Over 500 young people from Gaza, the West Bank, Lebanon, and Europe took part in the conference, which ended with a number of recommendations on how to increase youth political participation. These included raising funds and support for sports clubs and scouts, including for those with special needs and partnering up with civil society groups that educate toward pluralism, rule of law, and respecting basic freedoms. The partnership between the Egyptian leadership, Hamas, and Dahlan in organizing the conference is part of a larger effort to bring Egypt back to its position as leader of the Arab world, and the Palestinian issue to the center of the Arab agenda.

In Istanbul, 6,000 young Palestinians came together with the goal of establishing a body that will work among Palestinians in the diaspora. The convention, which called for bringing back the spirit of revolution and sacrifice for a Palestine from the river to the sea, is part of Turkey’s strategy to improve its position among Palestinians and Iran, on its way to establishing a new Ottoman Empire.

In Tehran, representatives of Hamas, Islamic Jihad, the Popular Front for the Liberation of Palestine, the Democratic Front for the Liberation of Palestine, and Fatah, gathered for the sixth conference to support the Palestinian intifada. The message to young Palestinians was: Iran has not forgotten you. Ayatollah Ali Khamenei announced that continued military, monetary, and political aid to the different political factions would be stipulated on sticking to the principles of resistance. The conference is part of an Iranian effort to steer the conflict between Israel and Arab and Muslim countries back to its national-religious course, after it became an inter-Arab/Muslim conflict.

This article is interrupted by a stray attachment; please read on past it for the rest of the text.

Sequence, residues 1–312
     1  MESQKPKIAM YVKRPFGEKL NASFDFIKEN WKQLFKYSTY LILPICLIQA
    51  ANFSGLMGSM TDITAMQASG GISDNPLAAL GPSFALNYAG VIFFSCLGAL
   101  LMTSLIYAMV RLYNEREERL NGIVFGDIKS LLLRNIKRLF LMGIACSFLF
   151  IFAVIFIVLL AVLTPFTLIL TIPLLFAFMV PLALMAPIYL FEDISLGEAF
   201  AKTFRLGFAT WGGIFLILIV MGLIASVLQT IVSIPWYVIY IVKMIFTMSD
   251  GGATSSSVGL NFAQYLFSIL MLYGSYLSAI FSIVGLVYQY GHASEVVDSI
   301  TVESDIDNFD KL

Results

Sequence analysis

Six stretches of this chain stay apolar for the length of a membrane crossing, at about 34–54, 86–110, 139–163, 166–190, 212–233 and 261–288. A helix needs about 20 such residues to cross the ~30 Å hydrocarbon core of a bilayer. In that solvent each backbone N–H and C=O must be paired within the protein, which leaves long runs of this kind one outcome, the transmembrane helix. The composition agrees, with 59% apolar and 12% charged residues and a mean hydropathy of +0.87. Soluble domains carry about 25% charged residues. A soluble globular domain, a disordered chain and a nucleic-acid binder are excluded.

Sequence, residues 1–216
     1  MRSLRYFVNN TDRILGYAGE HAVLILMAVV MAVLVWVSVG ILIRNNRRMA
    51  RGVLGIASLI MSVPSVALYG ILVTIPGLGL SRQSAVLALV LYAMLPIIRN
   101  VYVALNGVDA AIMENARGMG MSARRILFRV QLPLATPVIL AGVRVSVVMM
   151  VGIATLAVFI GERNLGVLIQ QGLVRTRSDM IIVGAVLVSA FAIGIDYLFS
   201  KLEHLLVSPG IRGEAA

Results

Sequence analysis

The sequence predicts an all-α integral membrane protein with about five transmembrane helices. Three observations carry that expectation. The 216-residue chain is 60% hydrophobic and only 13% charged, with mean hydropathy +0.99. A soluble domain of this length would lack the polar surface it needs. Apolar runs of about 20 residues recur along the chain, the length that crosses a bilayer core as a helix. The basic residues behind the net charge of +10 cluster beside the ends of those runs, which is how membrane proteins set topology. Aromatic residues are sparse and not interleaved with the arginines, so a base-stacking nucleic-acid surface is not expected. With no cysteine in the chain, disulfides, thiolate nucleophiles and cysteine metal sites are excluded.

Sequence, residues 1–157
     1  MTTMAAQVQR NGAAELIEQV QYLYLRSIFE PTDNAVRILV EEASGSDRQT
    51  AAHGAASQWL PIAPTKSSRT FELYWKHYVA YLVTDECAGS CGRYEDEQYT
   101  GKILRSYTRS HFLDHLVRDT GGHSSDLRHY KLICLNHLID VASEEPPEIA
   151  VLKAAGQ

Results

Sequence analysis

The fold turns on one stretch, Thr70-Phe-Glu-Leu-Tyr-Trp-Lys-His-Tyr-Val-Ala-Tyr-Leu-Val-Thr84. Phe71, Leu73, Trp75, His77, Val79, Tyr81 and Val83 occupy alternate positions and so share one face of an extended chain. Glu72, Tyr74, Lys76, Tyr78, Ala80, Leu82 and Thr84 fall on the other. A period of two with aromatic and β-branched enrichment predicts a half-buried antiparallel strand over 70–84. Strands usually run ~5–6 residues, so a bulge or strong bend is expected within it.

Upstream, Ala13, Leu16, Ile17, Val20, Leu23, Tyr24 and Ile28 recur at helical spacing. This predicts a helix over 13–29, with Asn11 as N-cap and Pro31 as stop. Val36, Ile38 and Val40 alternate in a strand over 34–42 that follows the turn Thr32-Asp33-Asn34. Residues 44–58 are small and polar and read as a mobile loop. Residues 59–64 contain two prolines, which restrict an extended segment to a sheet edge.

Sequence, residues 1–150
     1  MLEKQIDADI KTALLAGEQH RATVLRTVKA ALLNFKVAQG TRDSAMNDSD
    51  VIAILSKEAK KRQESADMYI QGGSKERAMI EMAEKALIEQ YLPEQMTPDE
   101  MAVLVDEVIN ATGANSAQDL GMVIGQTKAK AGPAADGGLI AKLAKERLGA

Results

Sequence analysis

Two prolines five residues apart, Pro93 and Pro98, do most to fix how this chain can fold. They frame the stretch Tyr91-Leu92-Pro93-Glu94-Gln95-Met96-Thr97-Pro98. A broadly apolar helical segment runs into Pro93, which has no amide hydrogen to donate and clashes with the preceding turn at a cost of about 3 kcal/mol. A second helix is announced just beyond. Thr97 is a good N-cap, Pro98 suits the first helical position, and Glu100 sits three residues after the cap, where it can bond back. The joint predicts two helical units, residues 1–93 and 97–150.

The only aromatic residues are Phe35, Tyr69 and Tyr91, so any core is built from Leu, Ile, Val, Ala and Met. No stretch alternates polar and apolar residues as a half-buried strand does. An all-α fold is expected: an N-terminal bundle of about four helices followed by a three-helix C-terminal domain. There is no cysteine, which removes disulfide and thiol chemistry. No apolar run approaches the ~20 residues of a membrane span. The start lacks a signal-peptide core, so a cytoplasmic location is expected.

The conference in Ramallah, was sponsored by the Palestinian Authority and by Palestinian and international human rights organizations, with the aim of shifting the legal and moral responsibility for Palestinian youth and children in Israeli prisons to the United Nations and international community. The timing, following the publication of Amnesty International’s yearly human rights report and ahead of “Prisoners Day,” was meant to express the PA and human rights organizations’ general concerns but in particular about prisoners.